Thirty years ago, a baby was born to a woman dying of a vampire bite. Now, Blade is a Daywalker, a being without the vulnerabilities of vampires, but with many of the advantages, including super strength and speed and decreased aging. Blade and his partner Whistler save Dr. Karen Jenson from a vampire that eluded Blade’s assault on a vampire-owned rave, and they introduce Karen to the secret war to free human society from the elite order of vampires that secretly rule. As Blade fights vampire activity, a vampire named Frost manages to translate one of the ancient texts of the vampires, unlocking plans for a ceremony to bring about the age of the Blood Gods.
In the time this was made, comic book movies were often trying to be mature and serious while at the same time providing spectacular violence shows. This created a lot of movies that seem afraid to have fun, even as the stunt sequences the plots excuse are really fun and cartoonish. This has some really fun fight scenes, and the plot is pretty cartoonish, but the story and the fights often seem to belong to different movies because of how different they are in tone.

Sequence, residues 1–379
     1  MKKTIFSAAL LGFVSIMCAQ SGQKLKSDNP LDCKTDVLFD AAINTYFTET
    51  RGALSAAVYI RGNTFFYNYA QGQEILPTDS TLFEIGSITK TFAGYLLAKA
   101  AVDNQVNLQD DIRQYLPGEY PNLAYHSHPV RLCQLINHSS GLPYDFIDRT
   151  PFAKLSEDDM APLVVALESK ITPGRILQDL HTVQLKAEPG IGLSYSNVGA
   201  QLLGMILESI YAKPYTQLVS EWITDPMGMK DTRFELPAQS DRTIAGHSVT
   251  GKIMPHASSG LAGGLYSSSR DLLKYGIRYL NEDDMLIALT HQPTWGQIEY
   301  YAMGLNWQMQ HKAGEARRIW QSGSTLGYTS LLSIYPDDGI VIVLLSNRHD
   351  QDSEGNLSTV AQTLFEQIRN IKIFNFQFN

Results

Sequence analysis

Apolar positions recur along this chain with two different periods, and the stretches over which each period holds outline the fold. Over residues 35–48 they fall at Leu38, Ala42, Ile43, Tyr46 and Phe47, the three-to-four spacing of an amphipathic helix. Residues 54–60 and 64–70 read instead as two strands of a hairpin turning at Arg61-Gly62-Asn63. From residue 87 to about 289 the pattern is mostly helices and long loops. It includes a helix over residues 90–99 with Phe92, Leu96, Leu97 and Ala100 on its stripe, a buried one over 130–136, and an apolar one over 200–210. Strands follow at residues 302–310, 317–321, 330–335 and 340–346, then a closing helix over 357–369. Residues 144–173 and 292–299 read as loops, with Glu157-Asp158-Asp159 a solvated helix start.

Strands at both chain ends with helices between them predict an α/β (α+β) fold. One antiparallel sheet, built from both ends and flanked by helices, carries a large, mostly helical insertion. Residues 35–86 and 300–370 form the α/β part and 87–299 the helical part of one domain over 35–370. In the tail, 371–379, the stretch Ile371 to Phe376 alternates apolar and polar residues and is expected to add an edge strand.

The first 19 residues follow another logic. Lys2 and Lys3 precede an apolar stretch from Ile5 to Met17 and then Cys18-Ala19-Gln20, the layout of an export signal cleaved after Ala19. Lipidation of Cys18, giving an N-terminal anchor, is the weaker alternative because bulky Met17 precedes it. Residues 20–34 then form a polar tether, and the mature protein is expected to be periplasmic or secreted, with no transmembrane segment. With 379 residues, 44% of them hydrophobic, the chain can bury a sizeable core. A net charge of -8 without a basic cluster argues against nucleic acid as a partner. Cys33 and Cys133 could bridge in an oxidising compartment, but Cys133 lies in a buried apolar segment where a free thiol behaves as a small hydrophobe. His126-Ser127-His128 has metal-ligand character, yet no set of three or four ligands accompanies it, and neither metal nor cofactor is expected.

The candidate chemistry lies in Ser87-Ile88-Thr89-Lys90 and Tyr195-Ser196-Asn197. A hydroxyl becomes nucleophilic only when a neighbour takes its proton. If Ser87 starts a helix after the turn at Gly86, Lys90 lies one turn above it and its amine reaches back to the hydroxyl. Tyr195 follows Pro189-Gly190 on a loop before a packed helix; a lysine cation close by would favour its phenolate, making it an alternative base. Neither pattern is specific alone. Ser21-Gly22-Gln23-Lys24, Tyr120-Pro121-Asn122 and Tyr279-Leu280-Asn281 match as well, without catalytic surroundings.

Most of the effects are highly effective. There’s a lot of work with prosthetics and practical creature effects that create convincing looks, and probably a lot of background CG that’s not noticeable. The disintegration of silver-stabbed vampires is really good for the time. The only time I was really taken out of the scene by bad effects was in the finale, with the demonic vampire souls flying around. That might have been partially caused by a frame rate mismatch, like how jarring the ED-209 was in RoboCop.
Even though there have been over 20 more years of superhero movies and Hero’s Journey plots further wearing out their cliches since Blade, the tropes this plot leans on seem particularly lazy. Developments in act one set up developments in act three with a megaphone. At least this movie introduces the character already established and just recaps the origin story, which is a rare approach.